If Paul has stopped at perseverance, we could assume that our lives, our opinions, our viewpoints were to remain static, yet he didn’t. If we are growing in Christ, we are changing, for our character cannot grow without change. If you have not changed a viewpoint, or broadened a horizon, or had a reversal of position in awhile, you may want then to stop and ask yourself this—Am I really growing in Christ, or do I simply want to be affirmed as I am? The one choice is static, the other, and scary as it is, leads to a dynamic, albeit untamed, life. What’s your choice?


May 20, 2005

So what are you going to do with this new day, this new week? In what arena’s will you strive and succeed? Which ones are really worth your while? Andrew Carnegie once noted “The rare individual who unselfishly tries to serve others has an enormous advantage—he has little competition.” How very true! A reality many never seem to realize in life is that we will all serve something, or someone—maybe no consciously, but we will. Oh, to be sure, often times we think we’re doing something for ourselves, but when it comes down to it, isn’t preening really just a service to vanity? Isn’t the garnering of power really a service to pride? Aren’t these things really then just false (and sneaky) gods? No, if we want to succeed in life, we must be purposeful, not accidental in our serving. That begins with the conscious choice of whom we will serve.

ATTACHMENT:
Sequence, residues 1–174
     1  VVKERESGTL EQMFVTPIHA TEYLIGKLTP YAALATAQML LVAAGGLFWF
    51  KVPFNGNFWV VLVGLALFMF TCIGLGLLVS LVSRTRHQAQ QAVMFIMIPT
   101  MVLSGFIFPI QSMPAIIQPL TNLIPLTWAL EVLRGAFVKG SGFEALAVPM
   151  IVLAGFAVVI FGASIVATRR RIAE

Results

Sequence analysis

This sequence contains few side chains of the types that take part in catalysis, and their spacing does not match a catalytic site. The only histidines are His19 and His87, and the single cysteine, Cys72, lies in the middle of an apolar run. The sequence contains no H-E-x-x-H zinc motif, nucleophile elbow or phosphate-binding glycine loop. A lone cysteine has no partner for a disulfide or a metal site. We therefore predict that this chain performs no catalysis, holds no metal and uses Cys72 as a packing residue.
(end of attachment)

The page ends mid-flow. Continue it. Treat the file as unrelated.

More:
Joshua 24:14-15

Now, therefore, fear the Lord and serve Him in sincerity and truth; and put away the gods which your fathers served beyond the River and in Egypt, and serve the Lord. And if it is disagreeable in your sight to serve the Lord, choose for yourselves today whom you will serve…but as for me and my house, we will serve the Lord.

Are you taking then that step today in being purposeful as to whom you will serve? How will your life differ now, having made that choice?


May 12, 2005